However, carriers typically charge more money since these bookings are more often than not, headhauls. Whereas backhauls cost truck drivers just as much regardless of whether they are empty or fully loaded. Therefore, freight brokerages need a great deal of load volume to optimize this model correctly.
With the right technology, brokerages can help offset the potential additional costs associated with headhauls and increase the number of loads booked per day. This can lead to a decrease in operational expenses and an increase in revenue. To do this, the technology solution must:
Understand carriers needs
Anticipate carriers needs ahead of time
Engage the right carriers at scale
Reduce fulfillment risk
Fairly price loads
Increase carrier re-utilization
2: Inbound Region
The inbound region model is also referred to as the ‘inbound state’ model. In this model, the region could be the Pacific Northwest, for example. Or, the state being referred to could be California.
Freight brokerages using this model will focus on booking any load that is being picked up from any other state going into a specific state (or region). If we use Florida as an example, that means any load that’s picked up from any other state and going into Florida. In this model, a single carrier sales rep is usually responsible for all the inbound to just one region.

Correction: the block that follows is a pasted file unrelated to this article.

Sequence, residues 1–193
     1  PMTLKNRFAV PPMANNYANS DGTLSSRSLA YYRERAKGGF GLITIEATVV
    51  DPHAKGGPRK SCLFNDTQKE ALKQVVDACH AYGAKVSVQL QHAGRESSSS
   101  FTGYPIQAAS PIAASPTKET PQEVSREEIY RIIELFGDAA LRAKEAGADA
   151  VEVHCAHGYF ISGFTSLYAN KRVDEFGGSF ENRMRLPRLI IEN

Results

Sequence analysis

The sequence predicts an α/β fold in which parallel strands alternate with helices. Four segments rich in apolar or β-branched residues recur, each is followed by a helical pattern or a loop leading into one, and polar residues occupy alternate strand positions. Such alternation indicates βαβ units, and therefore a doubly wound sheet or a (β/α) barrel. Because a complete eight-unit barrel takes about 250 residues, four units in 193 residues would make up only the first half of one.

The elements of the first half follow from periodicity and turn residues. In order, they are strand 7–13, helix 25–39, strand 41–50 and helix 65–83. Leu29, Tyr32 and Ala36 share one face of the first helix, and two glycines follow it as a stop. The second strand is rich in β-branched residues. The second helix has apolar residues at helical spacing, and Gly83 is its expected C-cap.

The main benefit of using the inbound model— better pricing. If carriers are returning to Florida already, they typically can carry loads for lower prices. Arguably though, the money you saved on the load isn’t going to offset the costly time and effort a rep used to book the load.
I’ll explain: the carrier sales rep never knows where the next load is coming from. Is it Texas? Is it Colorado? Is it California? Because the carrier base is spread across the entire country, a rep needs to know more specific carriers in order to book a load. Or, they must resort to load boards.